Evidently the kids are not alright. At least, that is when it comes to the increasingly lucrative identity theft black market.
A study carried out by a researcher at Carnegie Mellon University’s Cylab found that as many as 10 percent were victims of identity theft – even years before they are old enough to own a credit card or buy a drink, ComputerWorld reports.
The study was based upon the 42,232 children whose names were in an 800,000-plus person database of individuals whose personally identifiable information had been compromised in various data breaches. The database, maintained by identity protection firm All-Clear ID, revealed that 4,311, or 10.2% were being used by someone other than the child they belonged to.
In one extreme case, a 17-year-old girl’s Social Security Number was used by eight people to accumulate $725,000 in debt. In another case, a 14-year-old boy had compiled 10-years of credit history, including the mortgage on a $605,000 house, Computerworld reports.
In some cases, parents with poor credit were using their children’s Social Security Numbers to create accounts with utility companies for water or electricity, while in others, the numbers were being used or sold by criminals for profit. In fact, children were proportionally more likely to have suffered some form of identity theft than their adult counterparts, of whom, only 0.2% have had their identities compromised.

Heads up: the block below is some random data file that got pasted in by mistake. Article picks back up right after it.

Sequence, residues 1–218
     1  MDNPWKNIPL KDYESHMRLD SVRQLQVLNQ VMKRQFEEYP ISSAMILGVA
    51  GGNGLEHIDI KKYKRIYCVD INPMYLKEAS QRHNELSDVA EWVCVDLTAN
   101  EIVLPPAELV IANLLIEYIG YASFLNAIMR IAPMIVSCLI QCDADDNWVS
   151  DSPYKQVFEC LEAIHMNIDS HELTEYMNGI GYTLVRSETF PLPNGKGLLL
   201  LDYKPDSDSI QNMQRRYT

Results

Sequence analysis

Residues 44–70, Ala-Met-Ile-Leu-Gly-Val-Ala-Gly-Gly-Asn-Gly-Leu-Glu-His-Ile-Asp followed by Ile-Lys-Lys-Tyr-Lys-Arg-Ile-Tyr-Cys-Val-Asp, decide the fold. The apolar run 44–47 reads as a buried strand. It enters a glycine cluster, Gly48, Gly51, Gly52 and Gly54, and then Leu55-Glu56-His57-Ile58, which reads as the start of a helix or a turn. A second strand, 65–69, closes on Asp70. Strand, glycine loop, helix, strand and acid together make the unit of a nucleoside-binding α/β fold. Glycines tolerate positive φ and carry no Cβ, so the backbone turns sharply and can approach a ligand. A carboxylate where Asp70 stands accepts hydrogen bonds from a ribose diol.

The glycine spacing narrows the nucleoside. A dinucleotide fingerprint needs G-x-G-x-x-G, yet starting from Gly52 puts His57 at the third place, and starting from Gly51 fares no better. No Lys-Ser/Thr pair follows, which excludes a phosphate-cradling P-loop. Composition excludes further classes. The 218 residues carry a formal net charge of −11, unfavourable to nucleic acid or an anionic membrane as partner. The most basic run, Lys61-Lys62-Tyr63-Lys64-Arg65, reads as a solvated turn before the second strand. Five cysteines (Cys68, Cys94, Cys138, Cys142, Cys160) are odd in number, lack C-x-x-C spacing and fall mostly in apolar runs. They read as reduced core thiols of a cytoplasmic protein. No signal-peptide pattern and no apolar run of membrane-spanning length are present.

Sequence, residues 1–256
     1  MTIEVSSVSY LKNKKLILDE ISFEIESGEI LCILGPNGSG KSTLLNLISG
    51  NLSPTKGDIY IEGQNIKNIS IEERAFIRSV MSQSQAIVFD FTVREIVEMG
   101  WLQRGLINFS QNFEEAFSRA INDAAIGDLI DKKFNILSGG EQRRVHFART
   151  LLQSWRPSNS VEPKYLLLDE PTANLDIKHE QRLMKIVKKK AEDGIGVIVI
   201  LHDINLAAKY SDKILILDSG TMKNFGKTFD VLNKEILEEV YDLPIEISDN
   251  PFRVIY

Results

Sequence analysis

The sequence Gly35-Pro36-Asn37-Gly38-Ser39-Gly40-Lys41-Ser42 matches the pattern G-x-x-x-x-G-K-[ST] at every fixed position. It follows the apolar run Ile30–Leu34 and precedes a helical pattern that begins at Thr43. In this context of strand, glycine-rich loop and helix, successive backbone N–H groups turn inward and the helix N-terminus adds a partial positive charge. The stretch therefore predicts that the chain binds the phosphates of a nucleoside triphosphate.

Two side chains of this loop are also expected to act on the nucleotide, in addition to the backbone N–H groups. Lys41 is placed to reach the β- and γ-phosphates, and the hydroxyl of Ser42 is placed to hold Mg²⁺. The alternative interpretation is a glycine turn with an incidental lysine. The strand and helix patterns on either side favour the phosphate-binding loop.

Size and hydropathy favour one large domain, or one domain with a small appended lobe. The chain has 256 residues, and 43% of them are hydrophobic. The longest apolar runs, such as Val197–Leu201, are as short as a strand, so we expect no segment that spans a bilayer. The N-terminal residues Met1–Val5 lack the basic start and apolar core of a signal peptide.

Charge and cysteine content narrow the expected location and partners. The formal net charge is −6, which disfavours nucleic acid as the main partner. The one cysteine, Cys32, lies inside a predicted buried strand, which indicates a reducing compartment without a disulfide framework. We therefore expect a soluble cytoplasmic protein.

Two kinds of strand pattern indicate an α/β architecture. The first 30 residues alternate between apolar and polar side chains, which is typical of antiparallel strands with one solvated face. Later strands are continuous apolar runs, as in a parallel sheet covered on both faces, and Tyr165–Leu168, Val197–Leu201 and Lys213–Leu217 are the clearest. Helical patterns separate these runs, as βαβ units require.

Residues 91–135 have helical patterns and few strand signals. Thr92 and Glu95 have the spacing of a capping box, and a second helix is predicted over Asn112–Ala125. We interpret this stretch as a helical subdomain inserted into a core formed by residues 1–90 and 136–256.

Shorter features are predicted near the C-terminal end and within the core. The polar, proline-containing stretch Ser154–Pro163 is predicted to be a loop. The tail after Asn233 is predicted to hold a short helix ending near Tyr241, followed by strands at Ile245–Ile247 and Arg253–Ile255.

Statistics on identity theft can be hard to come by. One recent study noted a decline in reports of identity theft in 2010, coupled with an increase in the amount of losses for each reported incident. The recent hack of marketing firm Epsilon has raised fears about wide spread identity theft- and phishing schemes linked to e-mail addresses and content exposed in that breach.